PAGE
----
Business depression – and how to tackle it
It’s surprising how many business owners go through a period when running their business is bringing them down rather than exciting them. That’s both natural and treatable, says Brett Davidson
Business depression is an affliction that probably affects every business owner at some point or another. It can make you feel a bit flat, a little low, or downright depressed.
I’m going to be a little bit tongue-in-cheek here, but only to make this article readable.
I’m not making light of anyone who is seriously experiencing clinical depression. That’s a very serious issue.
My point in this article is to highlight how you can find yourself on the slippery slope to a form of depression that I believe is caused entirely by your business not really working properly. That being the case, it’s eminently treatable, so read on.
What are the warning signs?
In the early stages business depression can be as mild as feeling a little flat about a business that used to excite you. If this is affecting you right now please don’t ignore this mild early symptom, because if left untreated, it can progress into a full-blown case.
In a full-blown case you can find yourself struggling to get out of bed every day and feeling quite despondent about your business future.
In extremis, you can start having daydreams of opening a coffee shop on a Greek Island. Trust me, you don’t want to do that.
If that’s you, it’s time to get some help and quickly.
Alright, the last one is a half-joke. If you’ve ever thought of giving up financial planning for another job, business, or profession then that was aimed at you. I’m sure we’ve all been through phases when a regular job looks tempting, but you only have to speak to your friends, family and neighbours who have regular jobs to realise that’s a pipe dream.
They might be as depressed as you are when you’re having an attack of business depression.
The bottom line? Business depression hits when things are just not working right in your business.
Has your business lost its buzz?
So what are some of the causes? Here’s a non-exhaustive list of half a dozen for starters:
1. There’s not enough lead flow: You’re always hungry and scrambling to meet your financial obligations at the end of each month. Or worse, you’re drawing an income that’s less than you need personally, to subsidise the business. You’re the bank in effect. This creates a pressure that no business owner wants to be operating under for too long.
2. Your team doesn’t work: You can’t delegate effectively, and when you do, the work bounces back to your desk anyway. You work late, while your team leave at 5:00pm. You feel like you work for them (rather than them working for you).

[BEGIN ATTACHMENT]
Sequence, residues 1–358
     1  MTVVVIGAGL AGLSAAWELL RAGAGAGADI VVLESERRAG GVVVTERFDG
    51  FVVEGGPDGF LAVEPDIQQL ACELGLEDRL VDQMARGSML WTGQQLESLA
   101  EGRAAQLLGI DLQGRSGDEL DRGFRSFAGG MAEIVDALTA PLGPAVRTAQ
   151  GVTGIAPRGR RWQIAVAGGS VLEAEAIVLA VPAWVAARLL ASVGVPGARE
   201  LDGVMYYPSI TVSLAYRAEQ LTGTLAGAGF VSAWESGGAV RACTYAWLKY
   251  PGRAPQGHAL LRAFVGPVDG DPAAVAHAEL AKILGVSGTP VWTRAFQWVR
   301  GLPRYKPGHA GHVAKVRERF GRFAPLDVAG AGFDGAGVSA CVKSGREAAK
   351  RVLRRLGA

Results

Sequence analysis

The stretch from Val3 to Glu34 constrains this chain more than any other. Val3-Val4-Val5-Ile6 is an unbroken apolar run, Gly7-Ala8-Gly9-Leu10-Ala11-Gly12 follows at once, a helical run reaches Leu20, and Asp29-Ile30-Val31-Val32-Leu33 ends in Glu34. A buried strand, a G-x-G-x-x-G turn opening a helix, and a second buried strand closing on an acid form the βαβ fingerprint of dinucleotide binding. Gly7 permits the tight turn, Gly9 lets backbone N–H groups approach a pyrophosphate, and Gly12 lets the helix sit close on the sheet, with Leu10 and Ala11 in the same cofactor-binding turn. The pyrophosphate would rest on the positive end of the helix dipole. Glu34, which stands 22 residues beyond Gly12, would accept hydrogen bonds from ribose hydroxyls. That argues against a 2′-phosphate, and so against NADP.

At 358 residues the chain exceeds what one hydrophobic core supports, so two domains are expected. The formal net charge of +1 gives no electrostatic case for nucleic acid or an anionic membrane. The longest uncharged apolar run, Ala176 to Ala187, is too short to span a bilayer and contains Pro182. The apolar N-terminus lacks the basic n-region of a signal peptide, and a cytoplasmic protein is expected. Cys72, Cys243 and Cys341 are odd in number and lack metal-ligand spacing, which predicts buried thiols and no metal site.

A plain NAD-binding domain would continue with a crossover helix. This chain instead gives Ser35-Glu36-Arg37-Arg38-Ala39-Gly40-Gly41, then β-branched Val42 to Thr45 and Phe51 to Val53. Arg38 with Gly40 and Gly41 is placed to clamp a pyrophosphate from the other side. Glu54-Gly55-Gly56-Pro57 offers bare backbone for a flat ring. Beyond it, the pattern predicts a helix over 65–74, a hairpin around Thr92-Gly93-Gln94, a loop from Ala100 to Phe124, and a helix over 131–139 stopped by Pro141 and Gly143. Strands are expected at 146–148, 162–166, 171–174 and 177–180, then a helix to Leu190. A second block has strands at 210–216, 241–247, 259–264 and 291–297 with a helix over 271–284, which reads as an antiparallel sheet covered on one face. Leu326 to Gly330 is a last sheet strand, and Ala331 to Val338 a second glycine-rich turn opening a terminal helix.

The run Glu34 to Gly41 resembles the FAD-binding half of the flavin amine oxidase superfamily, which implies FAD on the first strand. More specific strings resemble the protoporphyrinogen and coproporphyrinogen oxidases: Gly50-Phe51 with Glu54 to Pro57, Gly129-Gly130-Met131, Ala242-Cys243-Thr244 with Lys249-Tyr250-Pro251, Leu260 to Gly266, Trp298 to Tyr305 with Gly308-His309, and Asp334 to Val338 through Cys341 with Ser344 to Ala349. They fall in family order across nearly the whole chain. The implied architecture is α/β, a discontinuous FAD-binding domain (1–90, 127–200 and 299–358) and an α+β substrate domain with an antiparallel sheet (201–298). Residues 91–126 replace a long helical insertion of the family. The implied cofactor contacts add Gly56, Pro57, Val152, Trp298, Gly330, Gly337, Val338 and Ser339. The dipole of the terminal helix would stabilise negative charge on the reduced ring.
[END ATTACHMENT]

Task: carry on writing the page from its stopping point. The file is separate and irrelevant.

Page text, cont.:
3. You’re a busy fool: Working away in the hope that things will be better at some point in the future. However, after years and years things are not really any better. Yes, there’s been some progress, but it’s not like you’d hoped and many of these pressures are still day-to-day realities for you.
4. There’s too much to do: If you find yourself trying to do 14 hours work in eight hours it’s time to get honest; it’s never going to work. The truth is you have to do less. Sometimes a lot less. The key is to prioritise and work on the things that will actually make a difference.
5. You’re forever doing things ‘just in time’: Just in time manufacturing is great for Dell Computer, but not so great for you and your financial planning business. A business that works well plans ahead so that things are done with plenty of time to spare. Yes, that’s possible.
6. Too much jam today: and not enough jam tomorrow. If all you do is chase your tail trying to hit this quarter’s numbers you won’t be sowing some seeds for the medium and long term, and as a result, nothing is going to change. On a daily and weekly basis, you need to be addressing both short term and longer term needs of your business.
Bringing back your business joy
So, how do you address these issues to remove or avoid business depression?
Clearly, you need a plan and some time to make it work. However, the key is working on the right issues, in the right way. It’s easy to get distracted by too many issues (noise) and so I always like to remember the Team GB Rowing mantra of “Will it make the boat go faster?”. You should be asking yourself the same question as you prioritise issues to work on; will it make your business work better?
Here are six key inputs for your business to focus on:
1. People – get the right people on the bus, in the right seats, supporting you.
2. Process – continue to refine and simplify your processes. Clients want it simple too.
3. Culture (Values) – understand the values that matter, capture them in your business plan and communicate them regularly to your team.
4. Business Management – if you’ve not been to business school (and who has?) then get some business management basics under your belt, or hire a manager who can do that for you.
5. Financials – monitor your key business ratios (Profitability, Productivity and Client Selection) and use these as measurements of your success as you tinker with the other five inputs listed here. If it’s not showing up in the numbers eventually, it’s probably not making the boat go faster.6.
6. Client Profile (marketing and lead flow) – get good at generating a steady flow of leads for your business. This removes one of the key pressures; cashflow.
Take another look at your business and see if you can find some ways to alleviate, and eventually remove, any signs of business depression. You won’t know yourself when you do.
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